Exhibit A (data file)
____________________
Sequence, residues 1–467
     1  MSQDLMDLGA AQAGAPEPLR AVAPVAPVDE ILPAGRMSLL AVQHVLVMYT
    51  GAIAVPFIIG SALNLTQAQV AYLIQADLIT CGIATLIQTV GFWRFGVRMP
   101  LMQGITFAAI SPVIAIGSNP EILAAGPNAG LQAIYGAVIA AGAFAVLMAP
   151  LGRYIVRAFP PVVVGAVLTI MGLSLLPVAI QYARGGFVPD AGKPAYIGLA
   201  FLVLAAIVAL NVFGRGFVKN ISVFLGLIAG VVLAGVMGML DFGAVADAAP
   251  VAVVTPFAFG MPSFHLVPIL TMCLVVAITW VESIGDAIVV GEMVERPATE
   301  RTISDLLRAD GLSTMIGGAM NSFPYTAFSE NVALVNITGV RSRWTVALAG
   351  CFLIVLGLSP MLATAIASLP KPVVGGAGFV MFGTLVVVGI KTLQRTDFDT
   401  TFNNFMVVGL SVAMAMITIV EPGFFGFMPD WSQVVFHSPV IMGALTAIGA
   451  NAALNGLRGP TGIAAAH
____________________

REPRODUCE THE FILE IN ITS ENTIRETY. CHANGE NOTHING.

Sequence, residues 1–467
     1  MSQDLMDLGA AQAGAPEPLR AVAPVAPVDE ILPAGRMSLL AVQHVLVMYT
    51  GAIAVPFIIG SALNLTQAQV AYLIQADLIT CGIATLIQTV GFWRFGVRMP
   101  LMQGITFAAI SPVIAIGSNP EILAAGPNAG LQAIYGAVIA AGAFAVLMAP
   151  LGRYIVRAFP PVVVGAVLTI MGLSLLPVAI QYARGGFVPD AGKPAYIGLA
   201  FLVLAAIVAL NVFGRGFVKN ISVFLGLIAG VVLAGVMGML DFGAVADAAP
   251  VAVVTPFAFG MPSFHLVPIL TMCLVVAITW VESIGDAIVV GEMVERPATE
   301  RTISDLLRAD GLSTMIGGAM NSFPYTAFSE NVALVNITGV RSRWTVALAG
   351  CFLIVLGLSP MLATAIASLP KPVVGGAGFV MFGTLVVVGI KTLQRTDFDT
   401  TFNNFMVVGL SVAMAMITIV EPGFFGFMPD WSQVVFHSPV IMGALTAIGA
   451  NAALNGLRGP TGIAAAH